It has been a very eventful month since my last blog. Cycle II took about 5 days with tons of chemo, but caused minimal side effects other than fatigue and more hair loss. I was sent home to recover until a biopsy a few weeks later after my body had time to recover. On May 3rd, I had a regular check-in with Dr. Broome and went home, only to go right back because I had a temperature of 101.5 (I’m instructed to call and head to the hospital if its over 100.5). I was pretty bummed that I had to be admitted, but not worried (I needed a break from the hospital meatloaf). This “neutropenic fever” happened twice before and meant spending 4-5 days in the hospital on antibiotics. That evening, I got extreme chills that I was unable to shake even with a zillion heated blankets. Quickly, there were about a dozen nurses and doctors surrounding the bed. My blood pressure fell drastically, my heart rate climbed dangerously, and my temperature spiked to over 105 degrees. The medical team acted quickly, but they remained calm and reassured us that I was going to be fine. Our friends Dr. “Jimmy” McCloskey and Mary Ellen, who work at Georgetown, both happened to be there visiting with us at the time and sprung into action with the rest of the team. They were so helpful and added to our peace of mind. Luke happened to stop by for a visit and was able to stay with Hanna. It made everything much less scary to be surrounded by our friends during those horrible moments.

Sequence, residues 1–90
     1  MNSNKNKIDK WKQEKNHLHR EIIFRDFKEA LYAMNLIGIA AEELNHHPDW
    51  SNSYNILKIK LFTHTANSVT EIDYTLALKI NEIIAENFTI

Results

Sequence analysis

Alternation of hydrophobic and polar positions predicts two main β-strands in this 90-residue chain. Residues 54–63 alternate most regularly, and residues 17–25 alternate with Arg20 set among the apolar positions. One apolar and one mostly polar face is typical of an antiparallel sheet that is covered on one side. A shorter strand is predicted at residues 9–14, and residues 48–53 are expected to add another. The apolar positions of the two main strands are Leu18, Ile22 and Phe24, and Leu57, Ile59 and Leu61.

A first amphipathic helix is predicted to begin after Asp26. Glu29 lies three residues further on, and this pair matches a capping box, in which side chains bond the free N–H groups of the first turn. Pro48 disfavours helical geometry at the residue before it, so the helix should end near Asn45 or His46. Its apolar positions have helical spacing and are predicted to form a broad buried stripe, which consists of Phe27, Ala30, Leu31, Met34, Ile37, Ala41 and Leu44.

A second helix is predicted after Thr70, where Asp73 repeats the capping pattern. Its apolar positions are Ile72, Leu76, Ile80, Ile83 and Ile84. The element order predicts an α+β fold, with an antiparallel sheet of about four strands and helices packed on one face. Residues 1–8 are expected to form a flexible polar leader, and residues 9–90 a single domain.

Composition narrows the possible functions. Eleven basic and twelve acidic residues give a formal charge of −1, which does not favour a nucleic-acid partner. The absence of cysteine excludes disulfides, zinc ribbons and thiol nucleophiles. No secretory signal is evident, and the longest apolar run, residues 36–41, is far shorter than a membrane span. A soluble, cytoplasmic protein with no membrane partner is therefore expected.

That pretty much brings us to yesterday when I had a bone marrow biopsy to see how effective the first round of chemo has been. Since I can't have a transplant until the cancer is in remission, the results of this biopsy are crucial. Dr. Broome said the marrow looked clear and promising, but we won't have the official results until later this week. Please say a few extra prayers that the results come back as remission so we can make plans to head to the west coast in a few weeks. We are planning to re-locate to Seattle, Washington for about 100 days to have the bone marrow transplant at the Fred Hutchinson cancer center. They specialize in transplants for ALL and have some of the best success rates and most experience in the country....a nurse told us that the Princess of Saudi Arabia had a transplant there so it must not be too shabby. We are very blessed to be able to consider this option and look forward to taking this next step on the journey to a cure.
I know I have said it before, but I have to mention again that everyone's thoughts, prayers, and kind words and gestures have truly inspired us to put all our effort into this fight. Not gonna lie, this has been the scariest leg of the race so far, sometimes leaving me to wonder how I am going to get through this. But those moments are overshadowed by moments of hope, inspiration, and love brought on by the kindness and love of everyone on this journey. With the help of our medical team, our strong faith, and the outpouring of support from family and friends (and friends of friends we don't even know), we know that we can do this. and we WILL do this. And no matter what......
ALL Will Be Well!
"Hope is a good thing, maybe the best of things. And no good thing ever dies."